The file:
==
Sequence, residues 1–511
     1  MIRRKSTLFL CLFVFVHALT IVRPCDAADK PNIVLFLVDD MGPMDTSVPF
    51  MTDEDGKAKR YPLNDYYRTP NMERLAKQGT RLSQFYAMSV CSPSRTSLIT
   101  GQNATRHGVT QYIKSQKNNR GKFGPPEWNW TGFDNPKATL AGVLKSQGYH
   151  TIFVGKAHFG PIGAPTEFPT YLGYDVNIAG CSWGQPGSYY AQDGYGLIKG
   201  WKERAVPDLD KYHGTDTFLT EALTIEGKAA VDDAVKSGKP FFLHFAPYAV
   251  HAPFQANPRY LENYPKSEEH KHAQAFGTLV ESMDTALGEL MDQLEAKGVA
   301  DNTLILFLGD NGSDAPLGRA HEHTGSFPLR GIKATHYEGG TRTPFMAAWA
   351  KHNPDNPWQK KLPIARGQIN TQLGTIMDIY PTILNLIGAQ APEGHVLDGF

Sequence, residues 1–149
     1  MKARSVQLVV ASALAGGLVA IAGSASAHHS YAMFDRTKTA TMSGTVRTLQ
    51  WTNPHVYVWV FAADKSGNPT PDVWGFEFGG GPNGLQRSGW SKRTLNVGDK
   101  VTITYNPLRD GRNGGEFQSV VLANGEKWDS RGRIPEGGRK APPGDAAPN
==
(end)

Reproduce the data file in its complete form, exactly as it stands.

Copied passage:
Sequence, residues 1–511
     1  MIRRKSTLFL CLFVFVHALT IVRPCDAADK PNIVLFLVDD MGPMDTSVPF
    51  MTDEDGKAKR YPLNDYYRTP NMERLAKQGT RLSQFYAMSV CSPSRTSLIT
   101  GQNATRHGVT QYIKSQKNNR GKFGPPEWNW TGFDNPKATL AGVLKSQGYH
   151  TIFVGKAHFG PIGAPTEFPT YLGYDVNIAG CSWGQPGSYY AQDGYGLIKG
   201  WKERAVPDLD KYHGTDTFLT EALTIEGKAA VDDAVKSGKP FFLHFAPYAV
   251  HAPFQANPRY LENYPKSEEH KHAQAFGTLV ESMDTALGEL MDQLEAKGVA
   301  DNTLILFLGD NGSDAPLGRA HEHTGSFPLR GIKATHYEGG TRTPFMAAWA
   351  KHNPDNPWQK KLPIARGQIN TQLGTIMDIY PTILNLIGAQ APEGHVLDGF

Sequence, residues 1–149
     1  MKARSVQLVV ASALAGGLVA IAGSASAHHS YAMFDRTKTA TMSGTVRTLQ
    51  WTNPHVYVWV FAADKSGNPT PDVWGFEFGG GPNGLQRSGW SKRTLNVGDK
   101  VTITYNPLRD GRNGGEFQSV VLANGEKWDS RGRIPEGGRK APPGDAAPN